Penn and Teller’s Fool Me: Wednesdays at 8 Eastern on the CW
I have opened numerous CW reviews talking about the networks love for supernatural dramas and teen dramas, but the other pillar they stand on is obscenely cheap unscripted programming to get them through the summer months. This time around however, they’ve managed to cross two of their pillars yet again, with a reality competition built around the paranormal (or whatever fancy word for magic you wish to use this time around). As a fan of fourth-wall breaking duo Penn and Teller’s last TV effort (Bulls**t), I figured I would take a look at their newest offering (not actually that new, this is a port from across the pond) to see if it brings the same level of entertainment.
Fool Me puts the titular duo head to head vs. a magician, who performs a magic trick. Penn and Teller, then need to replicate the trick after seeing the trick only once. Any magician who fools the veteran illusionists gets the right to perform with them during a show at the Rio Hotel in Las Vegas. Hosting the show is well known British TV personality (and equally obscure on this side of the pond) Jonathan Ross.
You can tell that Fool Me was originally not shot on a CW budget from moment one, as the show opens with a very cinematic and swooping crane shot. Even the shows interview segments look particularly polished (even in relation to the standards of US reality shows). This runs contrary to CW’s prior summer offerings, which seem particularly cheap in comparison (see: the revival of Whose Line is it Anyway and Oh Sit for example)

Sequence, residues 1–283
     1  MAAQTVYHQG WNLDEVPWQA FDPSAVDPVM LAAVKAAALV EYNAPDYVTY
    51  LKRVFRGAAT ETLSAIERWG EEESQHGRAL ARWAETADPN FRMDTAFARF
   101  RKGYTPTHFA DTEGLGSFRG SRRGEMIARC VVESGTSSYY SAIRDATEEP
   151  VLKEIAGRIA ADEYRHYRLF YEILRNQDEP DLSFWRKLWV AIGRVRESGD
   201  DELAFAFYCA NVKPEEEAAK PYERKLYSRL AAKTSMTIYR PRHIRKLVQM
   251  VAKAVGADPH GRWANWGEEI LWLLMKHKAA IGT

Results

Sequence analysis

The truest advantage of this show is that Penn and Teller have such a good grasp of the show that you simultaneously never feel like they’re not the stars but at the same time know when to step back and let the acts win over the crowd. This is particularly notable by their raucous closing act – a number in which Penn razzes a crowd member for a while with a basic card trick before the true trick is revealed when the card in question was palmed with a knife through his hand.
There are some flaws with the show however. Ross is not nearly game enough as a host, often dropping empty platitudes and awkwardly playing off of Penn and Teller’s charisma. This shows itself most glaringly during the opening act, a loaded dice trick where Ross’s cellphone was under the threat of being smashed during the entirety of the trick. Even with his own talk show across the pond, it often seems like Ross feels the need to one-up everyone on stage, creating a very awkward vibe whenever he has to interact with anyone on the stage.
The Final Verdict: I don’t expect a lot from my midsummer filler programming – don’t bore me, and don’t make me think too much, and in a lot of ways Fool Me works on both counts. Ross is kind of annoying, but there’s a reason that Penn and Teller command the amount of attention that any other magician (even the ones who get the occasional one off special cannot). Check it out, especially if you enjoy Penn Jillette’s acerbic wit or enjoy seeing some theatricality.